The Art of Noticing by Rob Walker
Since reading The Art of Noticing: 131 Ways to Spark Creativity, Find Inspiration, and Discover Joy in the Everyday by Rob Walker, I have found myself approaching my environment and regular routines differently. My trip to Costco last weekend became a writing opportunity as I found myself taking Walker’s advice and mentally creating a “Field Guide to Cart Behaviors at Costco.”
Walker explains that “paying attention, making a habit of noticing, helps cultivate an original perspective, a distinct point of view.” But paying attention isn’t easy. To help us develop a habit of noticing, The Art of Noticing offers 131 “opportunities for joyous exploration in all it’s dimensions,” rated by degree of difficulty from “So Easy—Anybody can do this right now,” to “Advanced—Noticing has become an adventure.”
The exercises are grouped into five categories: Looking, Sensing, Going Places, Connecting with Others, and Being Alone. They are designed to “serve that spirit of curiosity and joy, whether it’s in the service of productive aims or leisure.” Many of the exercises have been inspired by the works of writers, artists, filmmakers, researchers, and Walker’s own students. For example, “Start a Collection” is based on a poetry collection by Rob Forbes, the founder or Design Within Reach, and “Take a Scent Walk” is modeled after smellwalks organized by urban planner and writer Victoria Henshaw. Links to many of the works referenced are available on RobWalker.net. At the end of the book, Walker invites readers to invent their own exercise in noticing and share it with him on his website.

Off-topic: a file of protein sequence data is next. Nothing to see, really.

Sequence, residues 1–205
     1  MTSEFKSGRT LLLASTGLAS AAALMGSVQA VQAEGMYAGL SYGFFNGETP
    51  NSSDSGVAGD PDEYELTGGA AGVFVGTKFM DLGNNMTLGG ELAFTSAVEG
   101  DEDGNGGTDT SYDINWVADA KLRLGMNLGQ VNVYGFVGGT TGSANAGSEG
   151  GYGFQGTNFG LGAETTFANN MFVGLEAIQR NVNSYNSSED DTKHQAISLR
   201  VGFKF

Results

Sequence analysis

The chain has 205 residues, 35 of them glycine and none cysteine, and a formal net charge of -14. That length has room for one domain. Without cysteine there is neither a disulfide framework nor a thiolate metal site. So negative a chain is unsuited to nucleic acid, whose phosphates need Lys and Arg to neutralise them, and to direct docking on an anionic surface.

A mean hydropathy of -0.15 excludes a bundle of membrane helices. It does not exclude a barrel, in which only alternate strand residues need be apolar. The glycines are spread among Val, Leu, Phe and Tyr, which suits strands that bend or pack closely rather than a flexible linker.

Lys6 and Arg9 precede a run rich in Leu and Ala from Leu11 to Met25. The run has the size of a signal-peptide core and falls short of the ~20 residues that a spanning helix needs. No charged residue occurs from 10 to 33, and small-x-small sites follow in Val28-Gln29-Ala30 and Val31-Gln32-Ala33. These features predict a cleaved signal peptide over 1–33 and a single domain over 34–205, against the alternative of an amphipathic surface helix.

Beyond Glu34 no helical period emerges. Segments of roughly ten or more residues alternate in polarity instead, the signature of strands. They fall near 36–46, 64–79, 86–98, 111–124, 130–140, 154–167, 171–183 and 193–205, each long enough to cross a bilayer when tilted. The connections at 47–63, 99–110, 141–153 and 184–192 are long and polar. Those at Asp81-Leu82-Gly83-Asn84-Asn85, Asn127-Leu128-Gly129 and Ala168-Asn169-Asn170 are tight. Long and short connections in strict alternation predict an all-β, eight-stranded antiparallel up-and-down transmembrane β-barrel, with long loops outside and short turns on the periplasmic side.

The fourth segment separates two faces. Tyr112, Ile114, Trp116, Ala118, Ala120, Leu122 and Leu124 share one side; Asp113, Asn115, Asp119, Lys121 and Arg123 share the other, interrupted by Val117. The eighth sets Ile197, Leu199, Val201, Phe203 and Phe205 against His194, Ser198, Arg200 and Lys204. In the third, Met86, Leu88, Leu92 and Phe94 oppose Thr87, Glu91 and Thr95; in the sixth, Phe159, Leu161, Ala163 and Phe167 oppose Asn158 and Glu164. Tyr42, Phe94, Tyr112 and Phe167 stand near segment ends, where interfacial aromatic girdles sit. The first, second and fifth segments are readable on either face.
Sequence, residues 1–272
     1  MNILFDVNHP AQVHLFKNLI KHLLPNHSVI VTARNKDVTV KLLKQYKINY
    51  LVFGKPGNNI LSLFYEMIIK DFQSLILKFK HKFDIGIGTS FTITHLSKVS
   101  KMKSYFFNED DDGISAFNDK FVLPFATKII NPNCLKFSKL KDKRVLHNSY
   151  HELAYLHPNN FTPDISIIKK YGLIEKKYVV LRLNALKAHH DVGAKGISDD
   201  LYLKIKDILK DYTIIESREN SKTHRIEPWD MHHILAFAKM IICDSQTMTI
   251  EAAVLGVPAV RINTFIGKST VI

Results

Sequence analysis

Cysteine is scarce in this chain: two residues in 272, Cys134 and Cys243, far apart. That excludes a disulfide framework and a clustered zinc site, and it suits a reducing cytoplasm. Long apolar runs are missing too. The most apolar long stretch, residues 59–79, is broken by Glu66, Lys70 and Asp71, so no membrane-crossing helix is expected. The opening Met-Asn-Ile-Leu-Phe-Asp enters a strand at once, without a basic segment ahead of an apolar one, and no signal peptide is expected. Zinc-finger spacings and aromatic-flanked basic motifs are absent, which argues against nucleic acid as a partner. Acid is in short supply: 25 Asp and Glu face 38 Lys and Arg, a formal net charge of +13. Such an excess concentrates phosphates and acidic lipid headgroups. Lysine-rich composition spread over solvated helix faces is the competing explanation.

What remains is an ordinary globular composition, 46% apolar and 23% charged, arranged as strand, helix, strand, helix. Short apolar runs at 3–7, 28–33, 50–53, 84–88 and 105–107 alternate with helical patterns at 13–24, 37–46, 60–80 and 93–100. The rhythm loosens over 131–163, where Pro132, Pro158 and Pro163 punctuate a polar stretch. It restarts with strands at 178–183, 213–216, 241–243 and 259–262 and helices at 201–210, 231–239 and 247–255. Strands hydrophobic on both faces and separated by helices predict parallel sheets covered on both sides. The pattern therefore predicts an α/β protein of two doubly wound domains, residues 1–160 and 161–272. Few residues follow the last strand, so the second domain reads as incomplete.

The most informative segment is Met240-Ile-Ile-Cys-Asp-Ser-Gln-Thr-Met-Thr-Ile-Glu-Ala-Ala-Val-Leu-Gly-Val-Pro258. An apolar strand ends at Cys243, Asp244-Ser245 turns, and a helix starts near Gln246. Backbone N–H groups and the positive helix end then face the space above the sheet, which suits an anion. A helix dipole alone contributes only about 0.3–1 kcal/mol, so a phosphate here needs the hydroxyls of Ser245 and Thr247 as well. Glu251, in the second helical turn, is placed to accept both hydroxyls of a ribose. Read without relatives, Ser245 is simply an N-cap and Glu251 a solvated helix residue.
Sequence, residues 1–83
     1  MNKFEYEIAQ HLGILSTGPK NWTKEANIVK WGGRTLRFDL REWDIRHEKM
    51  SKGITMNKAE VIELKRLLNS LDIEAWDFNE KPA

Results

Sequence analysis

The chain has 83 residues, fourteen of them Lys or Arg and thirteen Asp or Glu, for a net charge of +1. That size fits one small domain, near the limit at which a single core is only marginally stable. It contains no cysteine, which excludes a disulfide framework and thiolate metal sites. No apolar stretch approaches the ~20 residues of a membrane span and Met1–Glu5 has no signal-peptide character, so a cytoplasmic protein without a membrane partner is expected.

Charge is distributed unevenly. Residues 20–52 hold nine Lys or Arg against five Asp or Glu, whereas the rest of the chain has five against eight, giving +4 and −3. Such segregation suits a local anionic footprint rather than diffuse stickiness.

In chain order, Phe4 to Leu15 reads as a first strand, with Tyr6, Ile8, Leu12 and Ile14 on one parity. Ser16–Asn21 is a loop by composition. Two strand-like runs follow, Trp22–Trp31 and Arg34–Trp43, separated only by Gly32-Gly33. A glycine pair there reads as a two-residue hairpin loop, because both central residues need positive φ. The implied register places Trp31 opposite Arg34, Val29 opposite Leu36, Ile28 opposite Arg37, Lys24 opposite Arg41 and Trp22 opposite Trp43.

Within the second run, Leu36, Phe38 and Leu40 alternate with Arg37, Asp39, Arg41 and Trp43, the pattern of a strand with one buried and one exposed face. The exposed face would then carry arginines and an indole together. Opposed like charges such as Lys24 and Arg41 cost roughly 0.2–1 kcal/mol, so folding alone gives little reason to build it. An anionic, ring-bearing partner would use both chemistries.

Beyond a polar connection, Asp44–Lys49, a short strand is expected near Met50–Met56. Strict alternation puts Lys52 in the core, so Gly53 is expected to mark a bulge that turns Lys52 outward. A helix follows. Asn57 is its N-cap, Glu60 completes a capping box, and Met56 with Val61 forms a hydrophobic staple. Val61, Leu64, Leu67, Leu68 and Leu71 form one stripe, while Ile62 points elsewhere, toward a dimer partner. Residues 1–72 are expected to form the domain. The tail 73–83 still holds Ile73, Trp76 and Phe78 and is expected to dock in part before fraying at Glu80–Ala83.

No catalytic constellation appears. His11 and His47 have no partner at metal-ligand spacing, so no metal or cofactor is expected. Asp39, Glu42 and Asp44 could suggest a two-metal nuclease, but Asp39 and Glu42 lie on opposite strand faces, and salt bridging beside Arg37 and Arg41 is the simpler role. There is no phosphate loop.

This morning I challenged myself to try out “Find Something You Weren’t Looking For” as I walked a common route in the neighborhood where I have lived for almost twenty years. At a house I have passed almost daily on my walks, I noticed three small brass horse figurines perched in a window. Not only had I never noticed them, I spent the rest of my walk wondering about them. Were they a gift? Something purchased as a keepsake on a trip? Were they placed there so the owner or the public could better admire them, or both? That led me to pay more attention to other items decorating window ledges and soon enough I found two white ceramic cats looking out at me.
The Art of Noticing is a unique and fascinating book. Readers can dip into it for a few pages or read it cover-to-cover. Many of the noticing exercises would work well with writer’s notebooks to encourage writers to be more curious about possibilities for writing in the world around them. If I can find writing inspiration at Costco, I can assure you that The Art of Noticing will help you engage with your surroundings on a more creative level.